Mission: To promote the appreciation of wildlife and increase harmony between humanity and nature.

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Sunday, January 6, 2019

Pigeon Hawk

A Merlin sitting in the remains of a leafless tree above Union Bay is like a small bubbling bundle of predatory excitement waiting to explode. Merlins are smaller members of the Falcon family. They often capture even smaller birds like Sparrows and Waxwings. 

Unlike Peregrine Falcons, which commonly attack from a height, Merlins will often attack horizontally. Then can come in at high speed across the treetops, cattails or water. They must be able to process an amazing amount of visual information. A single misunderstood, split-second decision could easily be the end of a Merlin.

More than once, I have seen Merlins come in horizontally towards a Pileated Woodpecker. Each time the woodpecker was hanging on the trunk of a tree. At the last possible moment, apparently, when the Merlins caught a close look at the size of the woodpecker and its bill, they made high-speed ninety-degree turns and wisely abandoned their attack.

Last week, the tables were turned by an aggressive Crow.


The fierce, little Merlin is similar in length to a robin. However, their wingspan is on average around seven inches wider - approximately twenty-four inches. Plus, a Merlin can weigh more than twice as much as a Robin. I suspect much of the weight difference may be devoted to chest muscles, which help to increase their flight speed.

Due to the grey-blue color on this Merlin's back, I believe it was a male. Similar to most other Union Bay raptors, the males are generally smaller than the females. The female Merlins are also browner in color.

This photo from 2015 shows what I believe is a younger Merlin whose coloring is more similar to that of a female.

Clearly, the Crow was making the Merlin uneasy. Normally, I see crows harassing larger birds like Bald Eagles and Barred Owls. Occasionally, Crows will chase Cooper's Hawks. Although, that can be dangerous as Cooper's Hawks often turn around and chase after the crows. I really cannot imagine why the Crow was so intent on harassing the speedy, little Merlin. In breeding season, I would think it would be much more likely to see a Merlin chasing a Crow.

The only way I can imagine a Merlin directly endangering a member of the Crow family would be in the Spring. I suspect a Merlin might raid a defenseless Crow's nest if there were no parents in close attendance. According to Sibley's the average Crow weighs more than twice as much as the average Merlin, potentially, even more in the case of male Merlins.

The Crow's persistence was successful and the Merlin took to the air multiple times. Each time the Crow would follow and the Merlin would make an abrupt turn. The little Falcon was not only faster but far more agile as well. Repeatedly, the Merlin landed in a higher location. I suspect the greater the elevation, the greater the distance from potential prey.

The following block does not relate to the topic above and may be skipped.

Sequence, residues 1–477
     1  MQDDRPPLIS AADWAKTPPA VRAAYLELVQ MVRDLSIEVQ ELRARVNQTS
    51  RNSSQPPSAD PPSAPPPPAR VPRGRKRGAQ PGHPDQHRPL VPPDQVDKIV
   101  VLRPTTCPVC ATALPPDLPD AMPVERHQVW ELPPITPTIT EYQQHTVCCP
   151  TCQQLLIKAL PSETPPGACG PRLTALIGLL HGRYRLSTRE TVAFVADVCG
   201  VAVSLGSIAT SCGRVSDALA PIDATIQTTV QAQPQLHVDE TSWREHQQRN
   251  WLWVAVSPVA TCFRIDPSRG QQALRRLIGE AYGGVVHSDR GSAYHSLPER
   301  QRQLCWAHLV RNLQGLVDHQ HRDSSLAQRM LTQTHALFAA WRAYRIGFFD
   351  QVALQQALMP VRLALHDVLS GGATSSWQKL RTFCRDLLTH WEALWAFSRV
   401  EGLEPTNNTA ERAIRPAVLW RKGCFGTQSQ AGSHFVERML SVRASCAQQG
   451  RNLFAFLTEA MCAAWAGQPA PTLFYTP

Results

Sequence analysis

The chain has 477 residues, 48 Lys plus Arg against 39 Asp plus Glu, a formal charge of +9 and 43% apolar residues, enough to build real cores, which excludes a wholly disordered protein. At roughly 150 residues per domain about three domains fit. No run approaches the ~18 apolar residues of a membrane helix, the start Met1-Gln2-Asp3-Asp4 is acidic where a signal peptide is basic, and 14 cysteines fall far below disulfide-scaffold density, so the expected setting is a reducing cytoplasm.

In this 2017 photo, we can see the sharp, pointed wings of a Merlin in flight. Among predatory birds, this look is characteristic of falcons. It also looks somewhat similar to pigeons in-flight. All About Birds says this is why the older term 'Pigeon Hawk' originated, as a description for a Merlin. 

This photo clearly displays the dramatic size difference between our little male Merlin and the adult Crow, who has a wingspan in excess of three feet.

After a number of high-speed chases, the Merlin ended up among the dense upper branches near the top of a tall cottonwood tree.

It seemed to be enjoying the abnormally bright afternoon sun. 

The Crow continued to hang around but apparently felt uneasy about getting too close given the density of the branches and twigs.

I suspect the Merlin never lost sight of the Crow. Finally, the Crow flew away. It landed on a small island, not too far away. The Crow spent just a few minutes there, walking around next to another Crow which had been searching through the mud for sustenance.

Soon the first Crow returned to the Cottonwood tree. It stayed just to the north of the Merlin, focusing the smaller bird's attention. At the same time, the second Crow flew to the top of the next Cottonwood to the south. I saw no other Crows in the area. I am assuming the second Crow was the mate of the first one.

After a few moments, the second Crow came over and quietly landed in the tree above the Merlin. This was as close as I could get to catching all three birds in a single photo. You can just see the tips of the second Crow's tail feathers in the upper left.